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How a Chinese restaurateur’s mysterious death inspired a play

By Sidney Madden | @sidney_madden_


As Lunar New Year ends, we’re sharing the story of how Chicago restaurateur Chin Foin helped put Chinese food on the map before his sudden death in 1924. 

While many owners of chop suey joints put their restaurants by cinemas, Chin put his near opera houses, catering to wealthy white crowds, granddaughter Nancy Wang told City Cast.

Pic 1: A man poses in traditional Chinese garb. Pic 2: An illustration of a big restaurant with tables covered in white table cloths on checkered black-and-white floors. Tall beige pillars are in the center of the room.
Chin Foin and a postcard of the Mandarin Inn. (Images provided by Nancy Wang)

How? Lavish table cloths, carved wooden tables, Chinese lanterns, live music, and Chinese and western food

Dozens of stir fry dishes lined the first two-and-a-half pages of Chin’s menu at the Mandarin Inn in the original Chinatown, now downtown. He served an Easter special with lamb, mint jelly, and potatoes au gratin.

The Chinese menu features pickled onions, gingers, and more. The American side features broiled mushrooms and oysters. Both menus are in black Roman font with red headings.
Menu from the Mandarin Inn. (Images provided by Nancy Wang)

Life was comfortable for his family who lived in Calumet and vacationed in Paw Paw Lake, Michigan, while Chin worked, went to the opera, and rode horses. 

But in Chinatowns across the country, tong wars were playing out between rival Chinese gangs — including in Chicago. 

When Chin was suddenly found dead at the bottom of an elevator shaft the day before he planned to move his family back to China, some began to suspect foul play from a rival family, who had already assassinated one relative in Chicago, Wang said.

Chin’s death is the focus of granddaughter Nancy Wang’s new “Whodunnit?”–style play, which is set to debut next year in San Francisco, where Wang lives. 

But the show is just one part of his legacy: His restaurants inspired the first English-language Chinese American cookbook, according to Atlas Obscura.

👉 Learn more about Chin Foin at the “Era of Opulence” mini-exhibit at the Chinese American Museum. Take a self-guided food tour in Chinatown.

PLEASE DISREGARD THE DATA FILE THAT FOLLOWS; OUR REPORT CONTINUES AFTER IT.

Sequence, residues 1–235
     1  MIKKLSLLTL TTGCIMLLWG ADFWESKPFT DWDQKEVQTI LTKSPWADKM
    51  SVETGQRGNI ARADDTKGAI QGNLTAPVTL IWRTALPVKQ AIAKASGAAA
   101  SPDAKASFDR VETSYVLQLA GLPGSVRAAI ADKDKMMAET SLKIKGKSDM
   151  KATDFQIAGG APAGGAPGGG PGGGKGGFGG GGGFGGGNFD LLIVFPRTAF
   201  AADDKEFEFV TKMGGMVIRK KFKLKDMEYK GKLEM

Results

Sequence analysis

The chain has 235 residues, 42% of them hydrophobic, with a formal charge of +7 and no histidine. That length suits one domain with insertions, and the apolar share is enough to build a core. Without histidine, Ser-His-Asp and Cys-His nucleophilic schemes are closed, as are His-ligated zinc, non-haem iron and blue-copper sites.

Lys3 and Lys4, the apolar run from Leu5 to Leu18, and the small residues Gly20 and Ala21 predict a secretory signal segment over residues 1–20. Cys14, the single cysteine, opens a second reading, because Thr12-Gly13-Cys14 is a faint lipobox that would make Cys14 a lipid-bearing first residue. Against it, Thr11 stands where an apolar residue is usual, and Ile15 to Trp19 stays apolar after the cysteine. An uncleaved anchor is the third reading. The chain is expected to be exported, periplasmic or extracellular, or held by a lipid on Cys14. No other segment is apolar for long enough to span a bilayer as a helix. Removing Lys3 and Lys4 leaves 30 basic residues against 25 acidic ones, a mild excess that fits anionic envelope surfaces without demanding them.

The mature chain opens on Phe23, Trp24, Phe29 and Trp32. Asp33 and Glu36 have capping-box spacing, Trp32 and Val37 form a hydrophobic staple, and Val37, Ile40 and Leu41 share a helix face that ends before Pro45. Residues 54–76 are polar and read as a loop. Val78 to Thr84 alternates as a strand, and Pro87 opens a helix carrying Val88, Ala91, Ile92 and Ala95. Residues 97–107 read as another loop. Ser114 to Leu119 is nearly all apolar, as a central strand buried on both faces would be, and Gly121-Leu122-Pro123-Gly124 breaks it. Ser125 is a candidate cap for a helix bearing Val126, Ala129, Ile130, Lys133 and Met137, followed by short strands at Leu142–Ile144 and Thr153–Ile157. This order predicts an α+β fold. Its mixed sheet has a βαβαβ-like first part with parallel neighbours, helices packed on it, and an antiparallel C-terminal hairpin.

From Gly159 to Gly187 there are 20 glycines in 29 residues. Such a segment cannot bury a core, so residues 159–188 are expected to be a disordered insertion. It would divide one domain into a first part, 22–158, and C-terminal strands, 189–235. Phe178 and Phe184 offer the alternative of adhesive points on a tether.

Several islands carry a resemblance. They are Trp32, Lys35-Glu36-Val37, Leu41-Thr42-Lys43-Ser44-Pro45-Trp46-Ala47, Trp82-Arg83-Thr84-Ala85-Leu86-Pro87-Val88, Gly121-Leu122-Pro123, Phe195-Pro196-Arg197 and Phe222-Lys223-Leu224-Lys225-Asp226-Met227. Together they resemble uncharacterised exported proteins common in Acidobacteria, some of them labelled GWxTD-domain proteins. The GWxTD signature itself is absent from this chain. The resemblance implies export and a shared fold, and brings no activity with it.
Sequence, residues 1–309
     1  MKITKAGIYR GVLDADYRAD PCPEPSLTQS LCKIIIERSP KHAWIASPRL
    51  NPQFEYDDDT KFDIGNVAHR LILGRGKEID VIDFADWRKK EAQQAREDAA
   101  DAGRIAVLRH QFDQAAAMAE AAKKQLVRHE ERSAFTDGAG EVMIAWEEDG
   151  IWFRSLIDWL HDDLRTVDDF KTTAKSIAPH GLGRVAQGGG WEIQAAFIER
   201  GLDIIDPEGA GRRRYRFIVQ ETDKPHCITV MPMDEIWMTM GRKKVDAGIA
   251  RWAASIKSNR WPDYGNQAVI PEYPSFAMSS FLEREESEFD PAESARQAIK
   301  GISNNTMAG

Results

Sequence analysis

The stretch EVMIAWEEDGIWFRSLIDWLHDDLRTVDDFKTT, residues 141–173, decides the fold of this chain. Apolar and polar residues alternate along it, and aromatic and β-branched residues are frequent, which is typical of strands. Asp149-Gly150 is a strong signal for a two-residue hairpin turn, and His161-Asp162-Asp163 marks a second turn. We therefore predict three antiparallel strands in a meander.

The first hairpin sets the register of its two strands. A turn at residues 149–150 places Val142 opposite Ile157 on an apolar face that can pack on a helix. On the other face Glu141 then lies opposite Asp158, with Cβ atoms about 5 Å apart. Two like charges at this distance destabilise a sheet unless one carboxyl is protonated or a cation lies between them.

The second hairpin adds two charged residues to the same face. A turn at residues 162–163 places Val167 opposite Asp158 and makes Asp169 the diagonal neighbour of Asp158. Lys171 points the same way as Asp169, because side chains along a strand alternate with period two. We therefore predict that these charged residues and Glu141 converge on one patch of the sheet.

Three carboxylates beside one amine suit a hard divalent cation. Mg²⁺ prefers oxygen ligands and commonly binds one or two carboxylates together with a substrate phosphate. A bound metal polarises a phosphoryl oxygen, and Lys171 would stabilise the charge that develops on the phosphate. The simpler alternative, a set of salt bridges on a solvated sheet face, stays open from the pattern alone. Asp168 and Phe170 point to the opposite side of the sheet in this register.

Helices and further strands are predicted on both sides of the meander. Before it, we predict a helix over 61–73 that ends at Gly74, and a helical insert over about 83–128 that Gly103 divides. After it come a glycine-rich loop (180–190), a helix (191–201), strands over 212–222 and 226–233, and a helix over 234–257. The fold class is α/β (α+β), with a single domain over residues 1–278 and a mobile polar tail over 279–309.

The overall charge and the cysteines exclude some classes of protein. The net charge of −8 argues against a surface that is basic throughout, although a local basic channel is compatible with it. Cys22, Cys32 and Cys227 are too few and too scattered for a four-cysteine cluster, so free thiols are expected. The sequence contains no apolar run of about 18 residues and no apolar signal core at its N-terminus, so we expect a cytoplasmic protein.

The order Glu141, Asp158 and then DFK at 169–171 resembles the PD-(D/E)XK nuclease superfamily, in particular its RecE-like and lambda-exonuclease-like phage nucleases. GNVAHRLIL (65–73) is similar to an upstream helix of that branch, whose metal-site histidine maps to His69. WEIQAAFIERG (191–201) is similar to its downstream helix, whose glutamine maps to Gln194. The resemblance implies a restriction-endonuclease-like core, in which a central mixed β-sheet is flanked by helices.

While other kids were bringing turkey or bologna sandwiches to school lunch, Boyede Sobitan was packing jollof rice with goat meat. 

Growing up in Uptown and suburban Dolton, Sobitan remembers how difficult it was for his Nigerian mother to get the traditional ingredients she needed. Often it meant spending all day at specialty markets that were far from home.

So Sobitan and his business partner Fola Dada created OjaExpress, a delivery app for ethnic foods. He tells us how it works and why having access to your cultural food is important.

👉 Check out the OjaExpress website.


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▪️ Jurors found Ald. Patrick Daley Thompson of the 11th Ward guilty on all seven counts in the federal tax fraud case. [WTTW’s Heather Cherone]

▪️ Billionaire Ken Griffin contributed $20 million to Aurora Mayor Richard Irvin’s gubernatorial bid. Who’s really surprised? [Better Government Association]

▪️ What do you want to see in the city’s climate action plan? Fill out this survey today. 

▪️ This local photographer is selling her work as NFTs. [Chicago Tribune]

▪️ These Sullivan High School students proposed a food cart installation to honor a food vendor who died of COVID-19. [Ald. Maria Hadden]

▪️ Hyde Park Summer Fest is coming back!

A woman poses with a three-layer cake with chocolate, red velvet, and vanilla flavors.
Credit: Eméché Cakery and Cafe Instagram

You thought this food-packed newsletter was done, huh? Nope. 

Eméché Cakery and Cafe in Bronzeville has put together a three-layer Pan-African flag–inspired cake for Black History Month, and I mean, c’mon just look at it 🤤 You can order the cake with its vanilla, red velvet, and chocolate flavors by the slice or whole. 

👉 Order now! Shop Black-owned eateries this Black Restaurant Week.

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